Tag Archives: Barry Gornell

What Killed the Radio Star?

profiteroles-recadreAccording to the song playing in the restaurant in Angoulême on Friday lunchtime, it was Video. A strange coincidence, I thought, to hear that song today of all days. Radio killed the Tree Magic star, more like.

Luckily, I had profiteroles to cheer me up.

You know when someone makes a witty remark or asks you a difficult question, and you come up with some brilliant repartee – five minutes too late? Or how you leave an exam and forget everything except the questions you couldn’t answer?

helen-millarThat was exactly how I felt after my first ever radio interview. Helen Millar, the host of RCF Charente’s weekly English programme, AngloFile, had invited me to come and talk about my novel Tree Magic. Here’s a picture of her. She was a lovely host: friendly, reassuring and interesting. And there were no difficult questions. As she’d assured me beforehand, it was just a chat.

The thing is, on radio you have to keep talking. And talking is much more difficult than it sounds: talking coherently, in any case. As Barry Gornell recently said at the Cognac European literary festival, writers don’t talk: they listen and watch (though he actually spoke very well). I would include ‘think’ in his list of things writers do. I’d also add that if writers were good speakers, we wouldn’t go to all the bother of writing in order to communicate.

Helen talks admirably, which I guess is just as well for a radio host. But she is also a writer, which completely disproves the point I just made. Damn. I thought it was a good point, too.

Helen is known as Rosemary Mason for her professional writing. As Rosemary, she was a founder writer on East Enders. She has written stage and television plays, was a production assistant at the BBC and a screenwriter in residence for Thamesdown Borough Council. She launched a media writing degree, taught screenwriting and became Head of School at Southampton Solent University.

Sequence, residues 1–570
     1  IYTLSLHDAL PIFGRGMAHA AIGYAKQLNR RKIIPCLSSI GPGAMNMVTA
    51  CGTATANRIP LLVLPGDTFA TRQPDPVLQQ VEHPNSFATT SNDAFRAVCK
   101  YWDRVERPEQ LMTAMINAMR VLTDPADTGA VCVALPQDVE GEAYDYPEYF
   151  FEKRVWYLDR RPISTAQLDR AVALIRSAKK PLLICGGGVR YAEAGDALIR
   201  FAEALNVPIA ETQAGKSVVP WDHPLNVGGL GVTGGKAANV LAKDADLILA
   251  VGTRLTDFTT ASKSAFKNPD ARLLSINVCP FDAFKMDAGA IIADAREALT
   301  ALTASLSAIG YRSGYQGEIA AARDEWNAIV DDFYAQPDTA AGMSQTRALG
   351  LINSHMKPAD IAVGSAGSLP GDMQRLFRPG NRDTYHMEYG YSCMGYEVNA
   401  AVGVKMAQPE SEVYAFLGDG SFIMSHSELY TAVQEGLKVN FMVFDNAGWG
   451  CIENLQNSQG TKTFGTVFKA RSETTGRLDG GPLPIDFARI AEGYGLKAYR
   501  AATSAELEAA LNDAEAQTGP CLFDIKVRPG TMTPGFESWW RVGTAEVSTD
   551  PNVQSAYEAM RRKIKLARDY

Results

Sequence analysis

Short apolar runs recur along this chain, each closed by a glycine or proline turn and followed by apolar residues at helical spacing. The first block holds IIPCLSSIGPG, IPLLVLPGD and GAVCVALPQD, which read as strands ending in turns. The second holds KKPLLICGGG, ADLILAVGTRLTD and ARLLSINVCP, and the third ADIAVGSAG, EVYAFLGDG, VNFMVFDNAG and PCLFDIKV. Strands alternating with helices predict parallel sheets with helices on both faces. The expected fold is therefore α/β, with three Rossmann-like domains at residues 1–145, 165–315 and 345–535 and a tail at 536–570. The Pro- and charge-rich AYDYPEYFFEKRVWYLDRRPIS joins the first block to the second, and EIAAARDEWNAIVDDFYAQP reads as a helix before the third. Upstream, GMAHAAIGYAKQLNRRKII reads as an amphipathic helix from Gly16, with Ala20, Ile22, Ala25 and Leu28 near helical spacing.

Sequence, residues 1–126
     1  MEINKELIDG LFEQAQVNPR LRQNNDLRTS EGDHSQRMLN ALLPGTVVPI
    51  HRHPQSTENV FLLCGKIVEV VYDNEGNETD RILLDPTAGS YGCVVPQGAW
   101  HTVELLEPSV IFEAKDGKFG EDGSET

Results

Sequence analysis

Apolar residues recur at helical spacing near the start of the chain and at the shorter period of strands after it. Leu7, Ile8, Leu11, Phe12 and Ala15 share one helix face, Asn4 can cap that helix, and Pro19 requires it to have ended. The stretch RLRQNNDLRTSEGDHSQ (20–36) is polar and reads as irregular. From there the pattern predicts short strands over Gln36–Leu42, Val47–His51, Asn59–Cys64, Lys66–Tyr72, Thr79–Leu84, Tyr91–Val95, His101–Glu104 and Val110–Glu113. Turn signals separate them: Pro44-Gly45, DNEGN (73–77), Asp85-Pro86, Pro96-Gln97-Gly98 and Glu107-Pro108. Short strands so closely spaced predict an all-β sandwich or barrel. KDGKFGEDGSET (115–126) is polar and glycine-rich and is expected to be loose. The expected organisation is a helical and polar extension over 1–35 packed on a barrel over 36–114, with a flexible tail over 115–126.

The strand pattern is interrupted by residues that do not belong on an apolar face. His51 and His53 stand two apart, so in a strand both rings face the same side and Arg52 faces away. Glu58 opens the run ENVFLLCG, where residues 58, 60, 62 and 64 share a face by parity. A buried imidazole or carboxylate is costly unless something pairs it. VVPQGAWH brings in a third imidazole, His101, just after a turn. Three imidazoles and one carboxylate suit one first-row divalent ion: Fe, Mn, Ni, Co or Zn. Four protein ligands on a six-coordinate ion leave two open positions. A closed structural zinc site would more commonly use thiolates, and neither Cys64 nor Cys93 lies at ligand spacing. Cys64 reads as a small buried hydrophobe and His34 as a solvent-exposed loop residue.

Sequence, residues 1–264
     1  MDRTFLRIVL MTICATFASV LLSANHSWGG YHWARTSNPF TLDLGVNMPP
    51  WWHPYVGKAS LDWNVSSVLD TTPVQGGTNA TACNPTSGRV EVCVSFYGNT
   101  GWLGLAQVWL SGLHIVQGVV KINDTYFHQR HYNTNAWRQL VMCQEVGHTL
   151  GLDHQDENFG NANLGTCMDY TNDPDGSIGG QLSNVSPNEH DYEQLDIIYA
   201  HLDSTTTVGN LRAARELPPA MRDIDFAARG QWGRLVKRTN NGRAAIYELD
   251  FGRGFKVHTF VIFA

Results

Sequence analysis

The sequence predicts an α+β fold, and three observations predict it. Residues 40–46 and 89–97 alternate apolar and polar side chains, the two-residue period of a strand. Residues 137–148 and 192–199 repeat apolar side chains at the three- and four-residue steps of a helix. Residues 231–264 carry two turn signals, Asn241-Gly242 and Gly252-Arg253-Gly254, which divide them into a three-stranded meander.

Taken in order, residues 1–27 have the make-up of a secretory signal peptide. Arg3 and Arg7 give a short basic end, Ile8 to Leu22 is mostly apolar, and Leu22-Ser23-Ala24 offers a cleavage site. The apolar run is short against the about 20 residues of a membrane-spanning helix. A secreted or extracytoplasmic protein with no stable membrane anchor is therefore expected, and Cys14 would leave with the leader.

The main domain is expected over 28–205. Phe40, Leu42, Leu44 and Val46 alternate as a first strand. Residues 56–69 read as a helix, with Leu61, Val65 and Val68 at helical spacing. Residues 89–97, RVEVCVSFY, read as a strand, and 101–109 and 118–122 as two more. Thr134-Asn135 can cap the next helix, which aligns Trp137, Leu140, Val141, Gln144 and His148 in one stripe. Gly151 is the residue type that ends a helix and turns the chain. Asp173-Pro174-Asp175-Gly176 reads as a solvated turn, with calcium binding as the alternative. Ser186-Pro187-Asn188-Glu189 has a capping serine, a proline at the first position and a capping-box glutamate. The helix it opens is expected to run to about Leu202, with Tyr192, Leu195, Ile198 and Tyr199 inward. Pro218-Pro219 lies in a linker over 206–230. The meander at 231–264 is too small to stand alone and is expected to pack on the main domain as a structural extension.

I should have been interviewing her!

Instead, a friendly technician, Fabrice François, set us up and we galloped through 26 minutes of air time, including me reading from Chapter One of Tree Magic. It passed so quickly that I forgot to thank my publisher (sorry, Impress Books). I forgot to say what Tree Magic is about, and that there is a prologue before the first chapter. I forgot to talk about the legend of Amrita Devi, on which the novel is based. But I did manage to refer to my writing groups and the Charroux and St.Clémentin literary festivals (well, OK: I did forget to say they are bilingual).

Not only is Helen a writer, she also runs an informal writing group near Marthon, to the east of Angoulême. This meant we were able to discuss a whole range of writerly issues, from inspiration to deadlines to short story competitions and writer’s block. We talked about how training as an engineer – which I did – can affect your language skills. And we chatted about the effect of nature on writing.

But each time I began to answer a question, we seemed to bifurcate right and left into fascinating themes such as what happens to hippies and punks when they grow up. Was it just an impression, or did I never actually answer a question she asked? Perhaps that’s just me being engineery…

In any case, it was wonderful to meet another local writer. The RCF (Radio Chrétienne Francophone) studio was a cosy, informal series of offices staffed with smiles. I was even offered a piece of cake. Once the red button stopped glaring at us (well, at me), we continued chatting about writing and Helen told me more about the family history on which she’s currently working. Writing certainly hasn’t killed this radio star.

logoYou can listen to AngloFile every Tuesday from 6:30-7pm and on Saturdays at 11:30am. My interview was first broadcast on Tuesday 29th November and will be repeated on Saturday 3rd December, as well as on Tuesday and Saturday during the Christmas break.

If this post hasn’t put you off, you can even click on the RCF web page here and listen to it now.

And if you’d like to pre-order Tree Magic, you can do so on Amazon and other online bookseller websites. Many thanks!

British Authors in Cognac

You did ask nicely, didn’t you?

In that case, as promised last month, I’ll tell you everything I know about Cognac’s forthcoming literature festival (Littératures Européennes, 17th–20th November 2016). Well, some of what I know. I’ll take questions afterwards.

Littératures Européennes is all about Europe (you know, the family us British are preparing to exit) rather than all about books. The aim is to explore European culture through literature. What I didn’t understand, in previous years, is that preparation actually begins months beforehand with the selection of the contending books.